NEW ORLEANS — Two Honduran men face deportation even though a U.S. Department of Homeland Security staff lawyer recommended that the migrant workers be released because they were improperly arrested by Louisiana police in a case of alleged ethnic profiling.

Gustavo Barahona, 29, and Jose Adan Fugan, 36, were arrested along with three other men by New Llano police on May 29 outside a motel in the western Louisiana town as they waited to go to work early that morning.

In a Sept. 21 email inadvertently sent to the men's immigration lawyers, DHS attorney Megan H. Mack recommended releasing the men from custody because they appeared to be arrested "solely for an immigration status check."

The arrest was improper because the New Llano police appeared to target them "based on their ethnicity and the way they were awaiting pickup for a job," said Mack, the DHS officer of civil rights and civil liberties in Washington.

She reviewed the case after the men's lawyers brought it to her attention, noting they were never charged with a crime. Mack said profiling is "not a legitimate" police practice unless there are extraordinary circumstances or a threat.

After being arrested, the New Llano police called in Border Patrol agents who ran immigration checks on the men, the email said. Barahona and Fugan have been in custody ever since. The three other men were released.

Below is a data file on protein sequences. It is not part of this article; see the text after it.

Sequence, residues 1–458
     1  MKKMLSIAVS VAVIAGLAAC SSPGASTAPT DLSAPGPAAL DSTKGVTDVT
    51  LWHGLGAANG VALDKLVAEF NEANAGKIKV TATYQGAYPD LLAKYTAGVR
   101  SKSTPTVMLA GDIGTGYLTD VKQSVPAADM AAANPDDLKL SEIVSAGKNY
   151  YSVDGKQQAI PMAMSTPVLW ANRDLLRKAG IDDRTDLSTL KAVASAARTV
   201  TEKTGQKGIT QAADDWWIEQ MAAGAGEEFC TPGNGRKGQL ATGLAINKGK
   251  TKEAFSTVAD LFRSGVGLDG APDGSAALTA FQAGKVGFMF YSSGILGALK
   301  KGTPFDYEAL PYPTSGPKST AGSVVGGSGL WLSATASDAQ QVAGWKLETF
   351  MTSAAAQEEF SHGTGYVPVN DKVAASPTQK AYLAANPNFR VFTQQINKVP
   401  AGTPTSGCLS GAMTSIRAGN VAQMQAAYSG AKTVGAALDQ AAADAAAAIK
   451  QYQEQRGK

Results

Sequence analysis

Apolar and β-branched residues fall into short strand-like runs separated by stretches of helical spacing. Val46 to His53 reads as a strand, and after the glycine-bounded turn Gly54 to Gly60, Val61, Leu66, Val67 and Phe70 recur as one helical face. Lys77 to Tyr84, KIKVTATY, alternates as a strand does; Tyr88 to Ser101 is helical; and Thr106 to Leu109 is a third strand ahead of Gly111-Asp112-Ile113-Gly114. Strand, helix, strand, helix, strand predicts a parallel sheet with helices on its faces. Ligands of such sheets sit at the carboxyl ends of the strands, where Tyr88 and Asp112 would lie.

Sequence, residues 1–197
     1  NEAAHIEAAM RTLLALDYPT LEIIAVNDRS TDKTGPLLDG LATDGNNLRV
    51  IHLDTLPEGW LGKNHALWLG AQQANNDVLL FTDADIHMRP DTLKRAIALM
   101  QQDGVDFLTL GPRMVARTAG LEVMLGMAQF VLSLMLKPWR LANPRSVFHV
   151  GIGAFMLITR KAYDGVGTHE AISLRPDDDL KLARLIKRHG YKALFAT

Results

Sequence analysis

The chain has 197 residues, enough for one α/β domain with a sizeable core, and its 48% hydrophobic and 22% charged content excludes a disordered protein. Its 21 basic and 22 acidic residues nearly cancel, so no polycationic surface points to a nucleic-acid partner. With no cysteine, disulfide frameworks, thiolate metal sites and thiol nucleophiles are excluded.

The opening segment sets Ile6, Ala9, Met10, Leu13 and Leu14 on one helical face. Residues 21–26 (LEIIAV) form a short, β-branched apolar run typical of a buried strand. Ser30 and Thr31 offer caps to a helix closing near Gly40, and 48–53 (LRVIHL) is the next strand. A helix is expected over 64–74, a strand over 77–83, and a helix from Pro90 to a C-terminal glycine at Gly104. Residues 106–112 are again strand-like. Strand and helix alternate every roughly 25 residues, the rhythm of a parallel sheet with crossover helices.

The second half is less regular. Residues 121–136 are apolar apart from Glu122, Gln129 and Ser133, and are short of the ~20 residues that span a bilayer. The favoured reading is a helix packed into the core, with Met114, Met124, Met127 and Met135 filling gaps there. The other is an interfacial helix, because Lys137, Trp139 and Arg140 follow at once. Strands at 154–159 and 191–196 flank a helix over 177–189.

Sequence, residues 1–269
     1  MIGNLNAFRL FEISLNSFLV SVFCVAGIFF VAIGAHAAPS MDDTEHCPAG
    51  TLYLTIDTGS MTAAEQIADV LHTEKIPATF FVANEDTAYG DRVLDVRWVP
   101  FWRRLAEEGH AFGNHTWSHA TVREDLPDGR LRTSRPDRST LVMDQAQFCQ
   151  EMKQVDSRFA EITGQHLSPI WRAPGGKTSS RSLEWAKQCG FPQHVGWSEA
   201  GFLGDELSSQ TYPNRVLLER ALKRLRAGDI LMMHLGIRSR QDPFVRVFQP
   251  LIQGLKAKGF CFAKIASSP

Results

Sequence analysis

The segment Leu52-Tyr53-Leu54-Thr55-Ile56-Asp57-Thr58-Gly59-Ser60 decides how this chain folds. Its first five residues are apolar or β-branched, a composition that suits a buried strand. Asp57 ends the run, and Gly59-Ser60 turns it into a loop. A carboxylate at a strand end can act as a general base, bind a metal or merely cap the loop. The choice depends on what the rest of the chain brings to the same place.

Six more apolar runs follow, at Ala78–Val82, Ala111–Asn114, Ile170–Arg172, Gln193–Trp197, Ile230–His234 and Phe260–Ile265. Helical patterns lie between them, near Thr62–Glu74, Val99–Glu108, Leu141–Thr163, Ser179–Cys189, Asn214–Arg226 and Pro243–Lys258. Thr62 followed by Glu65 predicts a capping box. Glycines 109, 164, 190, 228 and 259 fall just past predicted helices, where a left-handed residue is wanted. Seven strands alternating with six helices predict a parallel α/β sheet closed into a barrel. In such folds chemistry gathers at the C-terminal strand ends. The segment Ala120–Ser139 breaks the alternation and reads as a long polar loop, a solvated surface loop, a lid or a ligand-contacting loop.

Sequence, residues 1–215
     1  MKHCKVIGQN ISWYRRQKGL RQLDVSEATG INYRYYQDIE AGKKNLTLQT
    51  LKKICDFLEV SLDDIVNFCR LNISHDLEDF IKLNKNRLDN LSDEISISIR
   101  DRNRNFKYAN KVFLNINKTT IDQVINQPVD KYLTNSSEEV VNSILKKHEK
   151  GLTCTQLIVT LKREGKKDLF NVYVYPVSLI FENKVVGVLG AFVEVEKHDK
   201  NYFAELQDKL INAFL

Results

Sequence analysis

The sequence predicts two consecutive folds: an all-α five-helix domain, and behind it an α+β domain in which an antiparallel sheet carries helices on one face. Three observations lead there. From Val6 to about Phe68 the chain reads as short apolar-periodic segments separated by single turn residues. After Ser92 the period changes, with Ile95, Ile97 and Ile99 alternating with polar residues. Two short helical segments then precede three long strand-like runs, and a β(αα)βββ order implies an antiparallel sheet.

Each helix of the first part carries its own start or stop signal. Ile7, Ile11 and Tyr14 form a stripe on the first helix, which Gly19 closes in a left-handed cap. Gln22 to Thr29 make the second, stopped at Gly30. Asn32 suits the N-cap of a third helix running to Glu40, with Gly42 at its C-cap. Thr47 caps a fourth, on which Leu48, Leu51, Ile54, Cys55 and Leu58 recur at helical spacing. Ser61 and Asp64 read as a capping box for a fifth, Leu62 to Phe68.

CONTACT: Jolene Elberth, NOWCRJ’s Congress of Day Laborers, jelberth@nowcrj.org, 504.881.6647 Immigrants March on ICE to Stop Deportations of Civil Rights Leaders ICE races to deport civil rights leaders in spite of recommendation by DHS’s own Civil Rights staff to release them What: March on ICE headquarters to stop deportations of civil rights...

New Orleans Has a New Jobs Program. But Can It Stop Bullets?

The city council has granted the mayor’s wish requiring local hiring for city-contracted projects. Will more jobs really mean less violence?

by BRENTIN MOCK

Image REUTERS/Lee Celano
REUTERS/Lee Celano
New Orleans Mayor Mitch Landrieu is positive that one way to solve the city’s violence program is through jobs. Landrieu’s “Hire NOLA” initiative, which he introduced last month, passed through the city council on October 1. It requires companies or organizations with city contracts over $150,000 to set aside at least half of project-work hours for local residents. A special priority is placed on the homeless, the chronically unemployed, and formerly incarcerated residents—who are set to claim at least 30 percent of those hours under the new local hiring ordinance. The new policy is largely credited to the grassroots #BlackWorkersMatter-organized campaign orchestrated by the group Stand With Dignity. It’s the latest victory for Stand With Dignity’s parent organization, the New Orleans Worker Center for Racial Justice, which has been pushing for better wages and jobs in the metro region for African Americans and Latino day laborers since Hurricane Katrina. “Hire NOLA” arrives just two months after the city passed a living wage ordinance requiring city contractors to pay workers at least $10.55 hour—a 44 percent pay increase from what workers were typically earning.